In-line spinners are a great bait when the fish are active but they can also be great when presented it other situations. Most people use in-line spinners when the fish are in a negative feeding mood, due to the bait’s smaller more compact size. There is one problem with in-line spinners, which keep the majority of people away from them, the fact that they will give you line twist. To help with this scenario try a high quality stainless steel ball bearing, this will cut back on the line twist. A ball bearing helps prevent line twist like so, when the bait starts to spin and twist in the water column the line will most likely twist without a ball bearing. However, if you have a ball bearing connecting the leader to the main line, when the bait twists the ball bearing spins the line back so that the line will not twist. If by any chance you do have line twist, let out a couple hundred feet of line into the water and turn your trolling motor on, this will get most of the twist out of your line. Another trick is the tie your line to a heavy object and stretch the line out by tightening your drag and pulling the line.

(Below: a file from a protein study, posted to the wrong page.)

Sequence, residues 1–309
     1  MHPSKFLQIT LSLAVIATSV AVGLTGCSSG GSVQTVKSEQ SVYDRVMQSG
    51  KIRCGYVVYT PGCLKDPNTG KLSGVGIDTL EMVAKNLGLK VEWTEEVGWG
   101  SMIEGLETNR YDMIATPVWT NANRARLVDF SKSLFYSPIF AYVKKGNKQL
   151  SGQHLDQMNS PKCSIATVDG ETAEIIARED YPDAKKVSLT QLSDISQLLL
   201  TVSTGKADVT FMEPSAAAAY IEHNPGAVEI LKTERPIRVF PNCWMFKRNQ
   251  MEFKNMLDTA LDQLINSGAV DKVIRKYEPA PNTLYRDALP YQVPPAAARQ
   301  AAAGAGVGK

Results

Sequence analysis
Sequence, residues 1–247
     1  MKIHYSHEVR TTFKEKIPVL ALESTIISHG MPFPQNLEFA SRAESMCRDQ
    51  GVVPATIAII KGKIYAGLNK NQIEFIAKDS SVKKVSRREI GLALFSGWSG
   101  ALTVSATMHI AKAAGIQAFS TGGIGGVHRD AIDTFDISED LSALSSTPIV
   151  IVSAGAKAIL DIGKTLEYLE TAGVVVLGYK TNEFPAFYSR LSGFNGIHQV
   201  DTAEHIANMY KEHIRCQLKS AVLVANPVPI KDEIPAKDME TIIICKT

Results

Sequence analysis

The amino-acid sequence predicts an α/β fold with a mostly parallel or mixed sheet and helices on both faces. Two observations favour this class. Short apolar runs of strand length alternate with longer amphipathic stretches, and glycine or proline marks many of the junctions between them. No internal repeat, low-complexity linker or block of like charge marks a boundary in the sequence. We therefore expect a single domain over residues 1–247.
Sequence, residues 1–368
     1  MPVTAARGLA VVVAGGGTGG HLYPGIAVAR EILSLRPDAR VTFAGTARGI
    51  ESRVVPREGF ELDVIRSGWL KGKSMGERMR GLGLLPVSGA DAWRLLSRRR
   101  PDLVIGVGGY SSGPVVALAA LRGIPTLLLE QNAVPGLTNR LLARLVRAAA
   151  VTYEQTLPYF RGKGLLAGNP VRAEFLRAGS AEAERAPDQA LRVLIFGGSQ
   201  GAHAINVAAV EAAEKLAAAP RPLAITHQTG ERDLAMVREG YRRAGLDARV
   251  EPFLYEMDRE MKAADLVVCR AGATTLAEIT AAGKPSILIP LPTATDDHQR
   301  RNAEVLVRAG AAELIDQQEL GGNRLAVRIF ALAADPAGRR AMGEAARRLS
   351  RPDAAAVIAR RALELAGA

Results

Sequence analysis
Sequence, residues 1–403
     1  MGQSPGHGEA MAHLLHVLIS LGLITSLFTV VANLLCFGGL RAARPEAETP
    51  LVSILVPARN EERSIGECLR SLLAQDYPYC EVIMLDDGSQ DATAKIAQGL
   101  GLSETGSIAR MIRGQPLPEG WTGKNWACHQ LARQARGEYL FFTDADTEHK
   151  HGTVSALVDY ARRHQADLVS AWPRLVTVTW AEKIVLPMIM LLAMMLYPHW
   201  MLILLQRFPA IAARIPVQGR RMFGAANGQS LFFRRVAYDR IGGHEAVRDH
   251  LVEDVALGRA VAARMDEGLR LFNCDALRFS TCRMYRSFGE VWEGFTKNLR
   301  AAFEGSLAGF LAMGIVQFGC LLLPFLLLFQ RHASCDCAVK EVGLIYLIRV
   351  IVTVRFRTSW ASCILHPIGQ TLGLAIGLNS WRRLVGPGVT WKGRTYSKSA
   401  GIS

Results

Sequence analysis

The clothespin style spinnerbait comes in many different combinations including blade size and style and different size heads. There are Steel and Titanium wires. The Titanium version is nearly indestructible, and needs little or no tuning at all. Titanium also lets off quite a bit more vibration then steel. The heads on clothespin spinnerbaits are starting to be produced with different materials as well, such as Lead, and Tungsten. Spinnerbait anglers are slowly starting to make the switch to Tungsten spinnerbaits, due to the fact the head is almost ¾ the size of lead, making the bait work through cover almost effortlessly.





. In general, spinnerbaits are a very versatile lure, which is one main reason why most bass anglers use them. Bass anglers have been using them for many years now and they still produce fish as if they came out yesterday, you just have to know the different ways to fish the bait.